Active Bonnet fun and games

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Apr 22, 2021
South UK
S212 pre facelift. Lots of previous Mercs
A year ago a fox ran out in front of my pre facelift S212 [ E350 AMG sport] and despite there being no obvious signs of collision the back edge of the bonnet shot up due to the Active Bonnet pedestrian protection system.

Despite trying to follow the recommendation in the manual to open the bonnet and push down I found the heavily sprung actuators wouldn't reset. After reading a whole host of conflicting information on various forums [ The bonnet should go back to its normal position by opening and closing - it didnt. It is part of the airbag SRS system - no, it seems to be separate. The bonnet should go back to it's normal by pushing down hard at the back both sides - the manual advises expressly against it and it didnt work anyway. The actuators are pyrotechnic so have to be replaced every time- no they appear to be electro mechanical so should be able to be reset and reused. ]

Anyway, I ended up buying a 2nd hand pair of actuators at the time, refitted with no issues.

Now what do they say about lightning not striking twice ? It just happened again at the weekend, this time it was caused by a dog off it's lead running out in front of me. I braked heavily and the dog hit the front of the car but ran off hopefully unharmed. This time it had dislodged the number plate and put a slight crack in the lower front grille as the only signs of any harm to the car but the proper nuisance though was the Active Bonnet pedestrian protection system released again, raising the rear of the bonnet by a few inches. Now as a safety feature to pedestrians it may have some use but it is of no benefit at all with dogs or foxes which are no where near the height of the bonnet and the system is just a damn nuisance.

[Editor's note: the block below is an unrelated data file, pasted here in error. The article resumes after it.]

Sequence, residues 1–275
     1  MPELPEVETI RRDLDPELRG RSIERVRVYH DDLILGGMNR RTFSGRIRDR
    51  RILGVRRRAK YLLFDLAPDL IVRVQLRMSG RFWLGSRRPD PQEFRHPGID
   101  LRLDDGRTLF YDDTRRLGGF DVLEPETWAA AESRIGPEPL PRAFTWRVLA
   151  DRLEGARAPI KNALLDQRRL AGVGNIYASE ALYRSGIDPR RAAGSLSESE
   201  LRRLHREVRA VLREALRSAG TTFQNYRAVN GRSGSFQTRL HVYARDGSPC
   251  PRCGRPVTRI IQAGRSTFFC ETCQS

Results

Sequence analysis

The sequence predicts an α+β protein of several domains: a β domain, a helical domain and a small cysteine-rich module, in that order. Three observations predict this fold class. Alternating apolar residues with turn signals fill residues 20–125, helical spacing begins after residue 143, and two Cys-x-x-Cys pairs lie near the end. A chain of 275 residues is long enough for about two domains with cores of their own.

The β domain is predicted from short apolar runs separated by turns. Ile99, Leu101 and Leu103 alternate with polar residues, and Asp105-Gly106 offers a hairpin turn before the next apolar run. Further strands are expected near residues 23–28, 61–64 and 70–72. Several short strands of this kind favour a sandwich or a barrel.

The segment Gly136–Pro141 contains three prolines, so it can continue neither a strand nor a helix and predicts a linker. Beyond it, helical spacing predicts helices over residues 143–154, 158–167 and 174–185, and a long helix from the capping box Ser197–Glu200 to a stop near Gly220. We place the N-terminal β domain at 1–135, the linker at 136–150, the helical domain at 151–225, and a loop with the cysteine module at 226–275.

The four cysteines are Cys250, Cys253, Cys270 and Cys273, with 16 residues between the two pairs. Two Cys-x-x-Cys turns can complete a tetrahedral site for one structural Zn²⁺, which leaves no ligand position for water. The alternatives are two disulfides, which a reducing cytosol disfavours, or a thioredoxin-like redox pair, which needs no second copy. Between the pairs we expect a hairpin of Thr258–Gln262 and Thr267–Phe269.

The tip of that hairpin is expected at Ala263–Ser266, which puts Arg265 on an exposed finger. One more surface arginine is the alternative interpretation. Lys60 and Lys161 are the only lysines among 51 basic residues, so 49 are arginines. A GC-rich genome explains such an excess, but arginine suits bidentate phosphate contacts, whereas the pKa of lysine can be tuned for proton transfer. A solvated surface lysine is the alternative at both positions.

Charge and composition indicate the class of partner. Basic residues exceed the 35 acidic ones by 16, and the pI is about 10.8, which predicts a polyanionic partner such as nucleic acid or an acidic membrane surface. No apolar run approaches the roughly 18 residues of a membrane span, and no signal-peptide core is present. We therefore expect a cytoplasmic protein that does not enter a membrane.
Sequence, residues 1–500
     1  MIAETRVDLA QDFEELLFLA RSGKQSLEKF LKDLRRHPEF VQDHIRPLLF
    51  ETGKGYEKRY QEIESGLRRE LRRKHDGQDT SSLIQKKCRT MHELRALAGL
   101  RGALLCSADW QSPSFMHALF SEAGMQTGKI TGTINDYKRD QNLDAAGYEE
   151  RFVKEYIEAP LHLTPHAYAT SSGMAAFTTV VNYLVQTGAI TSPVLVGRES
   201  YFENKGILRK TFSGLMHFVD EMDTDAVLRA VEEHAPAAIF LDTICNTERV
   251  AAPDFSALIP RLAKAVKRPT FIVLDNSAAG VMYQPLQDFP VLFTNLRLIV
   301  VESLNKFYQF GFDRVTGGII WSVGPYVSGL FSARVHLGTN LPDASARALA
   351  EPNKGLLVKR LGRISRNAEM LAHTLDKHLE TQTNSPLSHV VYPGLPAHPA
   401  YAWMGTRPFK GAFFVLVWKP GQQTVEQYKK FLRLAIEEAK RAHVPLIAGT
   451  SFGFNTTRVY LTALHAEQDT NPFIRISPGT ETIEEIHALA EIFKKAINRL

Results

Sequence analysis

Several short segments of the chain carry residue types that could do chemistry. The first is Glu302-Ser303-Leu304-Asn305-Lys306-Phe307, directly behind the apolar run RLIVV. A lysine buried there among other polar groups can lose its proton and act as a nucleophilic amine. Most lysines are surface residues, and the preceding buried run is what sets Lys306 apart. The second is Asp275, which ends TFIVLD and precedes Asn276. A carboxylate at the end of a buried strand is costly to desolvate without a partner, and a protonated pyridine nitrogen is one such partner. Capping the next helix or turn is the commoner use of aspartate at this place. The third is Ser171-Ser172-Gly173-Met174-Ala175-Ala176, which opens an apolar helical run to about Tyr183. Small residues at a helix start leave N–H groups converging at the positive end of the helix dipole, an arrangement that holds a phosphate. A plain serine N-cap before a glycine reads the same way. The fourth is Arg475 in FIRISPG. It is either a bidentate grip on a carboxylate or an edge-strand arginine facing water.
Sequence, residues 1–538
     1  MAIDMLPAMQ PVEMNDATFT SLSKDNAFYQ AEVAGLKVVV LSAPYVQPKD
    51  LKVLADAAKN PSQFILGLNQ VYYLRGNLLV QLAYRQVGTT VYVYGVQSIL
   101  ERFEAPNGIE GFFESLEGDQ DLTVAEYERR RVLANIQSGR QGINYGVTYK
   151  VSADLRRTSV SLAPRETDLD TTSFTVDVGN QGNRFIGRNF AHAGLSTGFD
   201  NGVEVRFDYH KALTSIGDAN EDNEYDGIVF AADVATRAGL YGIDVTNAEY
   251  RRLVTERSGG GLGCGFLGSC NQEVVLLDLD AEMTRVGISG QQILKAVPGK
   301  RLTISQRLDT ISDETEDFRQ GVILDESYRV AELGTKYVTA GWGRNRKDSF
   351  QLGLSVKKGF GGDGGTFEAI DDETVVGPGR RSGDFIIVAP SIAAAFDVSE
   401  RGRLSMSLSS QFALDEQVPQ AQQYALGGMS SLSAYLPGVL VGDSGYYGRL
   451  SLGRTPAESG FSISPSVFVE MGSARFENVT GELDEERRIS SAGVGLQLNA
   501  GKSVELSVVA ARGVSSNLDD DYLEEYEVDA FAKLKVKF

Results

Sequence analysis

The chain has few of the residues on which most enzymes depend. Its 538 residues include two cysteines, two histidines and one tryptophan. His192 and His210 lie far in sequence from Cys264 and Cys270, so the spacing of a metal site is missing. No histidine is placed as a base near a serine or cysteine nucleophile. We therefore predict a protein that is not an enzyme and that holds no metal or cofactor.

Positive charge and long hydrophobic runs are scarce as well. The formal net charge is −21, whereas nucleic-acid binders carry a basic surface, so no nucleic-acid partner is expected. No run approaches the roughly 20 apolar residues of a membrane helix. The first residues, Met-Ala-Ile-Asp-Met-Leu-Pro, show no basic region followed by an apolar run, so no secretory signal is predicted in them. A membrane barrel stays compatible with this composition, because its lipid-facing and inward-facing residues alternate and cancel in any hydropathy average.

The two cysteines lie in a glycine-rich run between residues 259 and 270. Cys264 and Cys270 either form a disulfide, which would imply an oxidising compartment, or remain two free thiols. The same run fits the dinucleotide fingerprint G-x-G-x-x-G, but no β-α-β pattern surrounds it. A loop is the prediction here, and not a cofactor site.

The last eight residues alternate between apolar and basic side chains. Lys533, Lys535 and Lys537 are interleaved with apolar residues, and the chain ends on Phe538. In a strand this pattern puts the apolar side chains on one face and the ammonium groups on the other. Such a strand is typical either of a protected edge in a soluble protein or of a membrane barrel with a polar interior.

Rather than going straight to new actuators this time I decided to use the alternative solid hinge mounts. These brackets are present on all W212/ S212s and are the standard way of mounting the bonnet on every car that does not have the Active Bonnet system. . Im not sure if the active bonnet system may be standard on all W212s/ W212s in the UK or maybe only on some spec cars. There are certainly a lot of 212s around without it though it seems.

The hinges on a W212 bonnet (at least the pre facelift) are made with an alternative set of threaded holes that allow the hinges to be bolted straight to a solid mounting on the car, dispensing with the actuators.

With one or two helpers undo the 2x 13mm bolts each side that hold the bottom of the hinges to the actuators and lift the bonnet clear. Remove the 2x 13mm nuts that hold each actuator in place and lift up to access the electrical connector. This can be separated by careful use of a very small screwdriver and long nose pliers to carefully release the grey plastic lock tab, the plug can then be pulled out of the socket. Remove the actuators. Right alongside where the actuator is you will see an long, low up stand. This is the alternative mounting bracket for the hinge but wont be immediately apparent as it has a plastic cover. The cover is very easy to remove, just prises out with no special tools. You now have access to the proper solid mounting bracket. With your helpers, bring the bonnet back and bolt the hinges on. This time you will pass the bolts through the brackets into the alternative, threaded holes in the hinges. Adjust bonnet for a good fit.

Incidentally I have now managed to physically re compress the actuators whilst they are off the car. Though the manual says this can be done whilst they are fitted I didnt have any joy with this despite several tries with several people helping. I found it can be done off the car quite easily though with getting an actuator in a normal DIY bench vice and using a large G clamp. Just be careful when doing this as the springs are quite strong so keep fingers clear.

Starting the car with the actuators removed and the bonnet now solidly mounted brought up an Active Bonnet malfunction text warning in the disp[lay - though no SRS light.